The Pentax SFX is Filmosaur’s equivalent of Don Rickles on the old Tonight Show: the regular guest who’s been around forever, the one you go to when you need a reliable performance. I’ve had this camera for about two decades, and aside from needing occasional batteries at inconvenient times it has never let me down. Sure, there have been long periods of inactivity from time to time, but it’s always there when I need it, waiting to take the stage and kill.
The SFX (SF1 in the U.S. market; mine came straight from Japan) was one of the first autofocus, autoexposure SLRs available. It offers a fully automatic Program mode, along with a couple of special settings for motion and landscape shooting. It can also be operated in aperture-priority, shutter-priority, and fully manual exposure modes. Focus can be automatic or manual as well. The last point is important; the autofocus system works at exactly the same rate as the average speed of Alaskan glaciers, so manual focusing is fairly important if your subject is moving. At all. I cannot begin to tell you how many pictures came out blurry when a young and ignorant future Filmosaur relied upon this whiz-bang newfangled Reagan-era technological marvel.
That said, all the other features work nicely. Exposure compensation is available in half-steps, ISO can be manually set if you’re not happy with the DX-coded setting, and shutter speeds run up to 1/2000; apertures are of course lens-dependent. Film loading and advance are automated, and the camera can be set to shoot multiple frames in sequence. All the options are accessed through an LCD display on top of the camera; it’s pretty rudimentary by modern standards, but it was quite advanced in its day. It’s a pretty clunky system, in all honesty; a couple of old-fashioned dials would have been a better choice, but that would have been so 1960s. It’s fairly noisy in operation as well, but it works predictably and reliably.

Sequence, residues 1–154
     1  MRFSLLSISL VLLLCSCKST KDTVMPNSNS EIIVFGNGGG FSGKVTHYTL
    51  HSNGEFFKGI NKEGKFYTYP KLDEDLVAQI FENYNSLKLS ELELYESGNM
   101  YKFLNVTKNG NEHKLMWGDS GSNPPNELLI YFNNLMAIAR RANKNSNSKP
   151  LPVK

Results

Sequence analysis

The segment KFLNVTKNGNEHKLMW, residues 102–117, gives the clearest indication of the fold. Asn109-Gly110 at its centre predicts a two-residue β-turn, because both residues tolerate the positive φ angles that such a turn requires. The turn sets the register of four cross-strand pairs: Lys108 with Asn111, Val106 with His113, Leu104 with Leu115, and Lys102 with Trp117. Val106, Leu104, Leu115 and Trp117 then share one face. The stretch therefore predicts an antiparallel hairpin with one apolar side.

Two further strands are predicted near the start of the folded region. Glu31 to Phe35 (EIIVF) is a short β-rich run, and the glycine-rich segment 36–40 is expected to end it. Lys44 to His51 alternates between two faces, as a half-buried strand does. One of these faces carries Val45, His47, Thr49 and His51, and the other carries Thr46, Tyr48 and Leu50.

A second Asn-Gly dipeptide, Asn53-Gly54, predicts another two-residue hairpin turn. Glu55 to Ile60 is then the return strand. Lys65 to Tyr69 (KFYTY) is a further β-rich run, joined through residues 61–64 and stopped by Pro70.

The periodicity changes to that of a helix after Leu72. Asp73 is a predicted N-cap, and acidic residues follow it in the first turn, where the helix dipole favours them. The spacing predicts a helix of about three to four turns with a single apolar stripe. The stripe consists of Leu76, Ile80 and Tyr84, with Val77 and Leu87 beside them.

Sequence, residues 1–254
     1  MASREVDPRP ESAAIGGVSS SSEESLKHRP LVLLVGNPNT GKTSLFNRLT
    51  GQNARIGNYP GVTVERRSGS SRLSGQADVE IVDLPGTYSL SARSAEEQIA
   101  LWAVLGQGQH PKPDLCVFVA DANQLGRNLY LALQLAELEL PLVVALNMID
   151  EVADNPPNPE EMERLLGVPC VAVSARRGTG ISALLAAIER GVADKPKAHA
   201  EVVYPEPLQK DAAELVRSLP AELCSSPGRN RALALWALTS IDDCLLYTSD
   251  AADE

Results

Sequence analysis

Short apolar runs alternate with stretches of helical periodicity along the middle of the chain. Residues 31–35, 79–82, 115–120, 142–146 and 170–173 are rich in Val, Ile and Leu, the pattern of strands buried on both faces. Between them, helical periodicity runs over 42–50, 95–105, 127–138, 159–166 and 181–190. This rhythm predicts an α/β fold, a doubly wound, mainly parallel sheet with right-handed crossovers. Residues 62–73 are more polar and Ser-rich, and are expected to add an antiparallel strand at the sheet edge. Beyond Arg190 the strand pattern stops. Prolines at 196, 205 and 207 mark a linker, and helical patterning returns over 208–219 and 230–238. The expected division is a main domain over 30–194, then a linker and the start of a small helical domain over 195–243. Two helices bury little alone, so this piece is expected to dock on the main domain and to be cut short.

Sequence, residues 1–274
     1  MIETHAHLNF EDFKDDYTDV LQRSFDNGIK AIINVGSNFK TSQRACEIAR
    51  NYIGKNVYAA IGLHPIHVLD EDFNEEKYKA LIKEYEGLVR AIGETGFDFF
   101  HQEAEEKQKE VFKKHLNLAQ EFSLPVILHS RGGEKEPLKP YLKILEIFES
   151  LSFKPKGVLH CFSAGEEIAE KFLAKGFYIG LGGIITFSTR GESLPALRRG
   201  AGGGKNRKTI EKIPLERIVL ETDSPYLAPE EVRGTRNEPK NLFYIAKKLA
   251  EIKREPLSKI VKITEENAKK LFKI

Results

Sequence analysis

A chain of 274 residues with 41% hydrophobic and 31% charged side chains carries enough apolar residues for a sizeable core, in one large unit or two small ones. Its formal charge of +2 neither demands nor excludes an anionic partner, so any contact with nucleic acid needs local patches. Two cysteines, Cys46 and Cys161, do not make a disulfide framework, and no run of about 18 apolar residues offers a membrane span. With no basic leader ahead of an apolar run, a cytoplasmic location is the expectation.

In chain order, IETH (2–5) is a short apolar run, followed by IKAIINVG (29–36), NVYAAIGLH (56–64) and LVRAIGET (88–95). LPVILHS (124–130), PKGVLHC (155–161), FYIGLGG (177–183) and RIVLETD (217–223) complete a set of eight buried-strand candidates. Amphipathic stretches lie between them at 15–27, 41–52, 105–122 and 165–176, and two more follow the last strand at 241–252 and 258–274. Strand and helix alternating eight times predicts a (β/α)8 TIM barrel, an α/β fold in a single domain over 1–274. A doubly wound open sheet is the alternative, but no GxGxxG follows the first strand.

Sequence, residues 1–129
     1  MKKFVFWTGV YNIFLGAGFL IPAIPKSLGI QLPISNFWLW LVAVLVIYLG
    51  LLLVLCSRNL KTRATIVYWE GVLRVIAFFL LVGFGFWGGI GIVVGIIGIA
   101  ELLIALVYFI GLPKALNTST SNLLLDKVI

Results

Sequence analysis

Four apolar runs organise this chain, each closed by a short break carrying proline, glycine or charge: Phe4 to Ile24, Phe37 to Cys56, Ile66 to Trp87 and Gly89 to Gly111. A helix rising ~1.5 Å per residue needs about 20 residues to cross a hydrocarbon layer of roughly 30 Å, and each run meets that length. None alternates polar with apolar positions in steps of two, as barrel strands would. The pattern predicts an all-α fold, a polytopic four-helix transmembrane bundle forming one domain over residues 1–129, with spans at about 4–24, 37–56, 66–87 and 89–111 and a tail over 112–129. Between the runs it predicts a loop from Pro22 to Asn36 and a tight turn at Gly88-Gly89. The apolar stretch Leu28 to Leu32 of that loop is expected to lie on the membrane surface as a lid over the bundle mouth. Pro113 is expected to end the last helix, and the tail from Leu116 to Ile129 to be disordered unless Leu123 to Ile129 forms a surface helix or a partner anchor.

My collection of lenses is not large, nor is it particularly distinguished. The basic 35-70mm (plus Macro) f/3.5 kit lens and a Sigma 100-300mm f/4.5 give a great deal of flexibility, if not much in the way of low-light capability or super high quality resolution (for those picky enough to notice or care). I also have a 2x teleconverter, which sees little use due to the severe loss of light it imposes (three stops’ worth), and a fisheye lens, which is fun to play with occasionally, but more of a party trick than anything else. I suppose I really should get a couple of primes for it – I think 28, 50, and 135mm lenses are readily available – and see what it can do, but I’ve managed with the zooms for this long, and I’ve got other cameras with primes that are better suited in some ways for close-in work.
These days the SFX is my go-to camera for motorsports and wildlife film photography. Sure, others take precedence at times, and as the collection has grown, it only stands to reason that the old-timer (this is an ironic identification, as all the other film cameras I own are actually older than the SFX, but I haven’t had them nearly as long) rests a little longer between outings than it used to. But it’s still there on the shelf, just waiting for the call.